Recordings of Sunday Platform addresses
Religion is ancient, diverse, and deeply human. All through human history, and even into prehistory, human beings have used religion to fulfill fundamental existential and spiritual needs. Yet in a world of rapid secularization, religion must evolve: we must take responsibility for religion ourselves, and shape it to our new needs.
What does it mean to be “real” in the digital age? As more people leave the institutions that once helped many of us find meaning and belonging—opting out of religious communities and civic organizations—and move their search for realness to the internet instead, it’s easy to worry. After all, we hear over and over that our digital lives are “fake,” even though so much of who we are and what we do for work and play now happens online. Alternately, others say that technology will make us fuller, better versions of ourselves, if we just put our faith in it. But perhaps neither group gets it exactly right. Perhaps the internet is a new tool for understanding and expressing ourselves, and that the not always-graceful ways we use this tool can reveal new insights into far older human behaviors and desires. In this talk, author and activist Chris Stedman will invite us to consider the ways we use the internet to fulfill the essential human need to feel real. The digital search for meaning and belonging presents challenges, he will argue, but also myriad opportunities to become more human.
Chris Stedman is the author of Faitheist: How an Atheist Found Common Ground with the Religious (2012) and the forthcoming IRL: Finding Realness, Meaning, and Belonging in Our Digital Lives (2020) and has written for The Guardian, The Atlantic, Pitchfork, BuzzFeed, VICE, and The Washington Post. Formerly the founding executive director of the Yale Humanist Community, he also served as a humanist chaplain at Harvard University and is currently a fellow at Augsburg University. Learn more at chrisstedmanwriter.com.
There are many ethical questions related to the topic of making a living, and we’ll explore several of them in this Platform: Is meaningful work a human right? To what extent should education and work serve the economy, and to what extent should an economy serve education and workers? How much should you weigh ethics when choosing how to make your living? And how does your spending rate affect your ability to make ethical decisions related to work?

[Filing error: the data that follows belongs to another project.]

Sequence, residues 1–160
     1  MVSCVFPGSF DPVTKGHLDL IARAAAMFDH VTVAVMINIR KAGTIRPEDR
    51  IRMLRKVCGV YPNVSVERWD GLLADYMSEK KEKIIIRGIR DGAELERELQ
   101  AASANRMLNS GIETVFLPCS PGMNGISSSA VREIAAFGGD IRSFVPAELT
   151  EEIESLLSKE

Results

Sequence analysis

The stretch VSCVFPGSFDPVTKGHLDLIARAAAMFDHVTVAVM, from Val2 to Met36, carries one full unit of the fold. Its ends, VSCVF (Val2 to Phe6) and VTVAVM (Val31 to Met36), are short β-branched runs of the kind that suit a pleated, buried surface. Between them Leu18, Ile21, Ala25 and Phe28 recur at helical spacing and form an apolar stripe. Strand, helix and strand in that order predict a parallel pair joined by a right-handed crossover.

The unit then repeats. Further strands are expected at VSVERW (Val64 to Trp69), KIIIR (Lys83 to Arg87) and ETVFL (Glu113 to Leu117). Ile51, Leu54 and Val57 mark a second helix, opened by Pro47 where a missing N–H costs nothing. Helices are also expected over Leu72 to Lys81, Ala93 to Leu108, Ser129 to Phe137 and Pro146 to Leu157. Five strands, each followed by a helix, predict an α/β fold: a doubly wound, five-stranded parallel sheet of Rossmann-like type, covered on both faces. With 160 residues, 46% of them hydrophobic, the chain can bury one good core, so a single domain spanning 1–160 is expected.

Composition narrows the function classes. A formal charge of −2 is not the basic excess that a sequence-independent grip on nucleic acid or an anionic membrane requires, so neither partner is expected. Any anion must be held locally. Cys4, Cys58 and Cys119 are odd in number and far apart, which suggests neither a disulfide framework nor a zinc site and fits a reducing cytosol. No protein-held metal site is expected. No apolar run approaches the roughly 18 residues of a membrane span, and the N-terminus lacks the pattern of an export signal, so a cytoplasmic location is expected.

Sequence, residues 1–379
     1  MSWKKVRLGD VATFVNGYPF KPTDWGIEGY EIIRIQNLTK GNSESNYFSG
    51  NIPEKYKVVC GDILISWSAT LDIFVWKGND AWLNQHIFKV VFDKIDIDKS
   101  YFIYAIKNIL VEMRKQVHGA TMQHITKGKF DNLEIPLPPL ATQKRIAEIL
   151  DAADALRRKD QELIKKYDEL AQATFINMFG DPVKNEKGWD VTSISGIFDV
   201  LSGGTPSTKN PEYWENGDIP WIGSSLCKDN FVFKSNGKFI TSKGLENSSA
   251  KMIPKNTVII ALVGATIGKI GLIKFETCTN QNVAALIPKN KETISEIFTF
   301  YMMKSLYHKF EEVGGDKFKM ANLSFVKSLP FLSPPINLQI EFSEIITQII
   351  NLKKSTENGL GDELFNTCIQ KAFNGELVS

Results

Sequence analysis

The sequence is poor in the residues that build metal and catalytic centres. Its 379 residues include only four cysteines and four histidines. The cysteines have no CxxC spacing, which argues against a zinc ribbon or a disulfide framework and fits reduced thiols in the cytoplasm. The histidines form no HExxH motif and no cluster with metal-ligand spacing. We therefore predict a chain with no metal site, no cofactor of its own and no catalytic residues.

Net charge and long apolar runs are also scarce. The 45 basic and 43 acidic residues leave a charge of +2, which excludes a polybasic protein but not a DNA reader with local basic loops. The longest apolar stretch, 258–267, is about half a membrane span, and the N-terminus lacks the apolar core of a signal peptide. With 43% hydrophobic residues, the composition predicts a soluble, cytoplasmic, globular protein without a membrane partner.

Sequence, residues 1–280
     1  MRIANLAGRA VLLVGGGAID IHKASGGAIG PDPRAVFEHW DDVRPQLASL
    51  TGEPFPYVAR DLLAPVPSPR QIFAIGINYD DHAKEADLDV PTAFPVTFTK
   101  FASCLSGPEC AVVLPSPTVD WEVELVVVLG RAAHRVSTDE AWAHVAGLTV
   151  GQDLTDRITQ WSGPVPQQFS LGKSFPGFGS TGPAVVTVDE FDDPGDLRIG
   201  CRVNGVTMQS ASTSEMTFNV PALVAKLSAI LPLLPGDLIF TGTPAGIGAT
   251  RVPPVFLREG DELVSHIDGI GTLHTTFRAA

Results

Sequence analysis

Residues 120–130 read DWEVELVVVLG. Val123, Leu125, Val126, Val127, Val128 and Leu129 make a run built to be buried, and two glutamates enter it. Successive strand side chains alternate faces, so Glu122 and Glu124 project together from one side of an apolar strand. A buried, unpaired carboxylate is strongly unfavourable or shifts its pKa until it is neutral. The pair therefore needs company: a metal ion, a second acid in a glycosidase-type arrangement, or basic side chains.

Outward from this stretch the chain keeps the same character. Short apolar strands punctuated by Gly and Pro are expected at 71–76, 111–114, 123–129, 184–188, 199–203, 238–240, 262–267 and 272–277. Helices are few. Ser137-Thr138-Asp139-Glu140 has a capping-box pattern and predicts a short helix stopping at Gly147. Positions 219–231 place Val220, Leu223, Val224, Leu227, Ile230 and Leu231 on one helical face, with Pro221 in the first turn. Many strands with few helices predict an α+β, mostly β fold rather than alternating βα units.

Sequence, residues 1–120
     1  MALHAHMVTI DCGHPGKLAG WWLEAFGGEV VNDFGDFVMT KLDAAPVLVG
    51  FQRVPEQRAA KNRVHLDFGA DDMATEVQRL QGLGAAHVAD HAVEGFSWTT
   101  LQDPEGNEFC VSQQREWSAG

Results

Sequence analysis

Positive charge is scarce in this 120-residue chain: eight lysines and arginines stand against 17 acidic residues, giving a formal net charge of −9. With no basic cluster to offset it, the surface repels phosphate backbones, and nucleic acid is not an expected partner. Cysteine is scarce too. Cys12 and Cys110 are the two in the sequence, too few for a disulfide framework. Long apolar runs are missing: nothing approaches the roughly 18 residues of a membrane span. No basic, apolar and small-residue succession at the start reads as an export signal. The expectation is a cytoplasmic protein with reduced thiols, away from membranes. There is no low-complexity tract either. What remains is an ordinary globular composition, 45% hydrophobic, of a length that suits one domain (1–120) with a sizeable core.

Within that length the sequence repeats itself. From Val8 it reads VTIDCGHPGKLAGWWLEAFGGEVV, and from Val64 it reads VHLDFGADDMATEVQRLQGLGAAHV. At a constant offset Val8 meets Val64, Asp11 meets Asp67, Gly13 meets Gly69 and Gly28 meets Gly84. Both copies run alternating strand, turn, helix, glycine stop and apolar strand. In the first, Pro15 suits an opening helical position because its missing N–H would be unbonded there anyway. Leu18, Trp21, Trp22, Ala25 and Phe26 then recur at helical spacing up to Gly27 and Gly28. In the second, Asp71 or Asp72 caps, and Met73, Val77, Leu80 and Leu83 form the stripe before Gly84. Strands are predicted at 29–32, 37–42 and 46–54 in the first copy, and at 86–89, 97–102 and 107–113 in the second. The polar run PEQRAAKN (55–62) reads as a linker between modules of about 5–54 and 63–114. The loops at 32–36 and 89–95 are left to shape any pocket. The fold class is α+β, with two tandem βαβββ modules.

Is the American Dream still alive for our region’s immigrants and refugees? While many foreign-born arrive in St. Louis with economic, educational and cultural assets, what resources are essential to restore hope and dignity to those foreign-born newcomers who are victims of persecution or war? Join Anna Crosslin, president and CEO of the International Institute of St. Louis, where staff, volunteers, and the wider community have welcomed thousands of immigrants and refugees and helped them find their best path toward self-sufficiency and successful integration.
The Ethical Society of St. Louis is the largest Ethical Society—and one of the largest Humanist congregations—in the world. We don’t often reflect on our status as a major Humanist cultural institution, but in this Platform—the second of our annual Pledge Drive Platforms—we will look at how our Ethical Society is inspiring the Humanist movement more broadly, and how we could play a bigger role in the future.
Historically, the Rite of Passage ceremony has served to initiate a person into a society or community. Typically, this pivotal point in a person’s life happens within a group. Sometimes the group is enacting upon one person, sometimes the whole group itself is involved in the process. In the end, there is usually growth, a heightened sense of development and awareness, and possibly a change in social status. But what do Rites of Passage look like now, in this modern age? We are so consumed by media and technology that even our minuscule social interactions have changed. How has this affected our development? How has this affected our ability to empathize?
Antigone Chambers Reed is a poet and writer, actor, and human rights activist. Based in Saint Louis, she has lived in both Memphis and New Orleans. In her down-time, she enjoys cooking, film, and traveling. She performs poetry with Saint Louis Story Stitchers, a group that addresses the roots of gun violence and seeks to uplift affected communities through media enter-tainment. She is also an actor with the Bread and Roses Workers Theater. As of right now, she is competing to become the next Saint Louis Youth Poet Laureate.
Marriage has been one of the major Rites of Passage for people in every part of the world. Yet today more and more people, those with and without partners, are choosing not to marry. Why is this? What are the pros and cons of getting hitched? And what effects might a shrinking percentage of married people have on a country?
For millennia, people have celebrated the turning of the year as one of the most important rites of passage in the calendar. But why do we organize our years as we do, and what significance do different cultures place on the new year? How can we use the turning of the year as a time of renewal and regeneration?
Human potential is a central concept of Ethical Humanism: We believe that human beings have the potential to grow, improve, and change our circumstances. But what are the limits of our potential? How far does human potential extend, and how can we realize it best? In this Platform we’ll explore the idea of “human potential” and learn some ways to maximize our own.
Come learn the newest news about the Uganda Humanist Schools and how the Ethical Society is helping bring out the potential in young lives across the world. We will also celebrate the legacy of member and educator Ed Schmidt.See the related slide show (PDF, 500kb).
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